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Inside Spencer: The KSRL Blog

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Welcome to the Kenneth Spencer Research Library blog! As the special collections and archives library at the University of Kansas, Spencer is home to remarkable and diverse collections of rare and unique items. Explore the blog to learn about the work we do and the materials we collect.

That’s Distinctive!: Black Sunday

April 14th, 2023

Check the blog each Friday for a new “That’s Distinctive!” post. I created the series because I genuinely believe there is something in our collections for everyone, whether you’re writing a paper or just want to have a look. “That’s Distinctive!” will provide a more lighthearted glimpse into the diverse and unique materials at Spencer – including items that many people may not realize the library holds. If you have suggested topics for a future item feature or questions about the collections, feel free to leave a comment at the bottom of this page.

In remembrance of Black Sunday, this week we share items from the personal papers of former KU history professor Lloyd Sponholtz. According to, April 14, 1935, also known as Black Sunday, was the date of the worst dust storm documented during the Dust Bowl. The Dust Bowl, also known as the “dirty thirties,” was a period of severe drought in the Midwest and southern Great Plains. It began around 1930 and lasted for about a decade.  By 1934, an estimated 35 million acres of formerly cultivated land had been rendered useless for farming, while another 125 million acres – an area roughly three-quarters the size of Texas – was rapidly losing its topsoil. Regular rainfall returned to the region by the end of 1939, bringing the Dust Bowl years to a close.

Black Sunday was the worst of the severe dust storms that were known as Black Blizzards. These storms included billowing clouds of dust that darkened the sky, sometimes for days at a time. In many places, the dust drifted like snow and residents had to clear it with shovels. Dust worked its way through the cracks of even well-sealed homes, leaving a coating on food, skin, and furniture. The storm of Black Sunday started in the Oklahoma Panhandle and moved east, with an estimated three million tons of topsoil blowing off the Great Plains.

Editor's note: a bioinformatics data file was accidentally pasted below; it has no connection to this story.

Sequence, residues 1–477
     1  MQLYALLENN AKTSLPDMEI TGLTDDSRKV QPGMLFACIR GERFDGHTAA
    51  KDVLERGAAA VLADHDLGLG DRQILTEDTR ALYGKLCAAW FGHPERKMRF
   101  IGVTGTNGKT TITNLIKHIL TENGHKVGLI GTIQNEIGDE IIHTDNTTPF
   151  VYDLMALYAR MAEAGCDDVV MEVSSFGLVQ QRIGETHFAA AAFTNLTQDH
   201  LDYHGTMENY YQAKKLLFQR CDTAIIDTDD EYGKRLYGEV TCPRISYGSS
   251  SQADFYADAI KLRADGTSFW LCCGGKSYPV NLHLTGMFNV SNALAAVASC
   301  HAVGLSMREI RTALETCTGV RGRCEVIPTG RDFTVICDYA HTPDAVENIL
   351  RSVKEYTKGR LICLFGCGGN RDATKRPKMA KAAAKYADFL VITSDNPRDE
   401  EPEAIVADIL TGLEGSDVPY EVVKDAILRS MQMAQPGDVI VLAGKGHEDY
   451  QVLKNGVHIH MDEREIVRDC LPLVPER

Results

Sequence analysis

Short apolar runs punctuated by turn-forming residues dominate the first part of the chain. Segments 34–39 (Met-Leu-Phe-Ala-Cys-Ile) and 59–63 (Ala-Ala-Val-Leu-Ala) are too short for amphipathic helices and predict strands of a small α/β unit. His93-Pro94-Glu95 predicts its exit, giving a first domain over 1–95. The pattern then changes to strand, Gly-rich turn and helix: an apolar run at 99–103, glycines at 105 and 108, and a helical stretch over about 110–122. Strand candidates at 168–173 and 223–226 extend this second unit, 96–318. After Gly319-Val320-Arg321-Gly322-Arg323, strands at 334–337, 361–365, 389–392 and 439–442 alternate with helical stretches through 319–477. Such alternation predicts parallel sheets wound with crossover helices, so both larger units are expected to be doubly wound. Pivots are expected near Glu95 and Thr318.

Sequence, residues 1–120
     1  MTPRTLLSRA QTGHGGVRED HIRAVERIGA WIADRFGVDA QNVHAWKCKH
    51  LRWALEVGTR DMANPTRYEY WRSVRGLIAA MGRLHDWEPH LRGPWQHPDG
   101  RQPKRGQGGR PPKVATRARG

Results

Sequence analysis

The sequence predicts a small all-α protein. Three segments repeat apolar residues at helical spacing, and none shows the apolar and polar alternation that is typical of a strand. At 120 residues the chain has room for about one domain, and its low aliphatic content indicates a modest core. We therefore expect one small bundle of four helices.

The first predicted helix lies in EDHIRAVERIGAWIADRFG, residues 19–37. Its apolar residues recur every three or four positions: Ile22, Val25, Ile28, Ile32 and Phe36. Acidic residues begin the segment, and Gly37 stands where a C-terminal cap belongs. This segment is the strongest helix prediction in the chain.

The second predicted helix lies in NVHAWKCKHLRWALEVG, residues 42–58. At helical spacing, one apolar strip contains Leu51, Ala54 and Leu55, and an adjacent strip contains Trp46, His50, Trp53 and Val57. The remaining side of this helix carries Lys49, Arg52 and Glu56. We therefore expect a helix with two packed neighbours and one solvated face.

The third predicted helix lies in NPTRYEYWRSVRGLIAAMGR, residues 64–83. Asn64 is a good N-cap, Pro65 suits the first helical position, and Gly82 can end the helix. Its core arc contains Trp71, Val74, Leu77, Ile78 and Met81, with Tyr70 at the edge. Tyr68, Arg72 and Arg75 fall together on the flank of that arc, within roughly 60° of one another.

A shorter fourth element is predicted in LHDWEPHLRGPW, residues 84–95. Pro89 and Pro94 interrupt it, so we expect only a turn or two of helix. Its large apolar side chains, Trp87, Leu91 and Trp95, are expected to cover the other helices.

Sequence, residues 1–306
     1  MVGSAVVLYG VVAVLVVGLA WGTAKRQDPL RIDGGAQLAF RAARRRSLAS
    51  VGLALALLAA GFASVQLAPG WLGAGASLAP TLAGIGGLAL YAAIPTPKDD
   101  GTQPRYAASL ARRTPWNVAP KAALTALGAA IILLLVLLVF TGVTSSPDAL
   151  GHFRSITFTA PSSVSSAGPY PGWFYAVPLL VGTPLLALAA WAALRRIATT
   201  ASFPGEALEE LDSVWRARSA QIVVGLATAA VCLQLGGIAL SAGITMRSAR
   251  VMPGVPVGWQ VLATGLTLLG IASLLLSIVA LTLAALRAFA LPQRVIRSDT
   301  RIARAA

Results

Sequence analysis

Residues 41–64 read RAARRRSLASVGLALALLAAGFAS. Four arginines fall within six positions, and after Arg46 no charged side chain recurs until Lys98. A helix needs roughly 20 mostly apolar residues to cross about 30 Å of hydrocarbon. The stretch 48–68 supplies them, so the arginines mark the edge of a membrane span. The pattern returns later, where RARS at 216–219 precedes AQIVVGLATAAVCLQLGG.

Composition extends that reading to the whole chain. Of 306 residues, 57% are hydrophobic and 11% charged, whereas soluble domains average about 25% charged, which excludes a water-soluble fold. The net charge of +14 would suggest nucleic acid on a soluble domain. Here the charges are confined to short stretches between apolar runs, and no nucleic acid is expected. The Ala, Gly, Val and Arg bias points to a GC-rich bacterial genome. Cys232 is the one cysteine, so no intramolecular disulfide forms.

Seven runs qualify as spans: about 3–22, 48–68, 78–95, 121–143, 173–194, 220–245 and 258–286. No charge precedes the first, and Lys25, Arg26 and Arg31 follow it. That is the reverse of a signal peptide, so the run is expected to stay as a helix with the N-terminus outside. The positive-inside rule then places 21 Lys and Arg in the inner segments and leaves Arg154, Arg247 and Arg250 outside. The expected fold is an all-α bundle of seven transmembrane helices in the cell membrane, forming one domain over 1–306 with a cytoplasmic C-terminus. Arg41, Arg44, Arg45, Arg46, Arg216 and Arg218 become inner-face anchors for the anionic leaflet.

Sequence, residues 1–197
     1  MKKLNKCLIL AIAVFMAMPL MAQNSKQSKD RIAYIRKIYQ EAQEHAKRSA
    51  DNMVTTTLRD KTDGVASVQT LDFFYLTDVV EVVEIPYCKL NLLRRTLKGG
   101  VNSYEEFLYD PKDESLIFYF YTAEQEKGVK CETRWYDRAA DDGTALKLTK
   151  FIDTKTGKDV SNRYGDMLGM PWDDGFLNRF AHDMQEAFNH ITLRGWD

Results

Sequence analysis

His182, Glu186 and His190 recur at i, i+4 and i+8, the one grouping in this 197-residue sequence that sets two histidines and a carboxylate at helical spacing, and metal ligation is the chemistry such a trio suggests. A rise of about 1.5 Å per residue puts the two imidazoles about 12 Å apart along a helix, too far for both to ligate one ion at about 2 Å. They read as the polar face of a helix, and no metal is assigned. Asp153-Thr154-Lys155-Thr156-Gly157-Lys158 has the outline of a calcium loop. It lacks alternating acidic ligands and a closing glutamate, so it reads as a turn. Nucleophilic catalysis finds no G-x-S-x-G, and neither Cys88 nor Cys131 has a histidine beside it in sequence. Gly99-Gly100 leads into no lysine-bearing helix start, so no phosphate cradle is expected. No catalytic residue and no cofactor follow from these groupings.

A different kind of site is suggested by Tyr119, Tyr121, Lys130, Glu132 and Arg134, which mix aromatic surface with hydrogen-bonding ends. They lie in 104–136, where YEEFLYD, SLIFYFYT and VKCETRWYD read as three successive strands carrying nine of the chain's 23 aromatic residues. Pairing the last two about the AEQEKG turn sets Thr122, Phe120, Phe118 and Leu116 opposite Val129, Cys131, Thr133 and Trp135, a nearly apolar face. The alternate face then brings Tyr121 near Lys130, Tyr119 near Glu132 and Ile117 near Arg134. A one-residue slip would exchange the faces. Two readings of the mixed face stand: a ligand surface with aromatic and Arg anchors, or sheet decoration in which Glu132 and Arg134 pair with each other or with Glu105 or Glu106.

Color map of the U.S. from the Mississippi River to the Pacific Ocean, showing large areas of the Great Plains affected by the Dust Bowl in varying levels of severity.
An overhead projector transparency showing a map of the Dust Bowl, from Making America: A History of the United States. Personal Papers of Lloyd Sponholtz. Call Number: PP 521, Box 11, Folder 32. Click image to enlarge.
Black text on a grey background with a black-and-white photograph of a dust storm.
A description of Black Sunday and Black Blizzards in “You Couldn’t See Your Hand in Front of Your Face”: The 1930s in Stanton County, Kansas, August 1996. Personal Papers of Lloyd Sponholtz. Call Number: PP 521, Box 11, Folder 32. Click image to enlarge.

Tiffany McIntosh
Public Services

We’re Not Just About Papers

January 31st, 2013

When the Spencer Research Library receives a collection of personal papers it can sometimes include materials that aren’t papers at all. Further, the creator of the papers may just be the most famous of a whole constellation of friends and family members whose stories are also revealed in those papers.

This first came to my attention, as an assistant in the Processing Department, with the personal papers of E. H. S. Bailey (call number: PP 158).  Edgar Henry Summerfield Bailey arrived at the University of Kansas in the fall of 1883, where he taught chemistry for the next fifty years until his death in 1933. In addition to teaching he also authored the lyrics for the famous KU “Rock Chalk” chant and pioneered the detection and exposure of fraudulent practices on the part of food manufacturers in the early 20th century.

Late in his life, he took a great interest in genealogy, and his papers include much about his relatives in 19th century Connecticut. Among them, his maternal grandmother, Charity Birdsey Miller, is vividly represented by a surviving portrait in oil (artist unknown) that also arrived with the Bailey papers. A stern, sensible-looking woman, she is portrayed wearing eye glasses. Those spectacles are included with Bailey’s papers in the University Archives, as is the original case in which they were sold by a jeweler and optician in Meriden, Connecticut.

Portrait of Charity Birdsey Miller

Photograph of Charity Birdsey Miller's glasses and glasses case

Top: Portrait of Charity Birdsey Miller. Personal Papers of E. H. S. Bailey.  Call Number: PP 158, Oversize Folder 8. Bottom: Charity Birdsey Miller’s eye glasses and eye glasses case. Personal Papers of E. H. S. Bailey.  Call Number: PP 158, Box 4, Folder 140. Click images to enlarge.

For further insight into the life of this woman, the collection includes her Last Will and Testament, as well as probate documents inventorying her possessions and their distribution among her three grown daughters.

Thus, a collection which might have been expected to address only the life of a Midwestern academic in the early 20th century can also be of great value in illuminating the life of a virtuous woman of modest property in early- and mid-19th century New England.

Larry M. Brow
Program Assistant,  Spencer Research Library Processing Department